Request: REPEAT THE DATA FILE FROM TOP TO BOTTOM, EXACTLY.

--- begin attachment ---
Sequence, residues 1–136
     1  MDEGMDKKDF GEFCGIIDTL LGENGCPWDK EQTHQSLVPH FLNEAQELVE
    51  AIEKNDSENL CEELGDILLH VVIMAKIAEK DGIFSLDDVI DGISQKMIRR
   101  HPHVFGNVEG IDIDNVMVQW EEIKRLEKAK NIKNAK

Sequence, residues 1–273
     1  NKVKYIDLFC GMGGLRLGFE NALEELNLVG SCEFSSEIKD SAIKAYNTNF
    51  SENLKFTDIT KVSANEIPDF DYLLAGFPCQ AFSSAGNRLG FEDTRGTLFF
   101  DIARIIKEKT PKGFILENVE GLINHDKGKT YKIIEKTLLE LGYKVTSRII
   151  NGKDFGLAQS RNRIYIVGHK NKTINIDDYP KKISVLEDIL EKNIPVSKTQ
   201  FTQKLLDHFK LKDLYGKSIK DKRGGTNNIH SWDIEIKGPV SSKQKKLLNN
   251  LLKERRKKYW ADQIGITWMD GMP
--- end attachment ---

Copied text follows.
Sequence, residues 1–136
     1  MDEGMDKKDF GEFCGIIDTL LGENGCPWDK EQTHQSLVPH FLNEAQELVE
    51  AIEKNDSENL CEELGDILLH VVIMAKIAEK DGIFSLDDVI DGISQKMIRR
   101  HPHVFGNVEG IDIDNVMVQW EEIKRLEKAK NIKNAK

Sequence, residues 1–273
     1  NKVKYIDLFC GMGGLRLGFE NALEELNLVG SCEFSSEIKD SAIKAYNTNF
    51  SENLKFTDIT KVSANEIPDF DYLLAGFPCQ AFSSAGNRLG FEDTRGTLFF
   101  DIARIIKEKT PKGFILENVE GLINHDKGKT YKIIEKTLLE LGYKVTSRII
   151  NGKDFGLAQS RNRIYIVGHK NKTINIDDYP KKISVLEDIL EKNIPVSKTQ
   201  FTQKLLDHFK LKDLYGKSIK DKRGGTNNIH SWDIEIKGPV SSKQKKLLNN
   251  LLKERRKKYW ADQIGITWMD GMP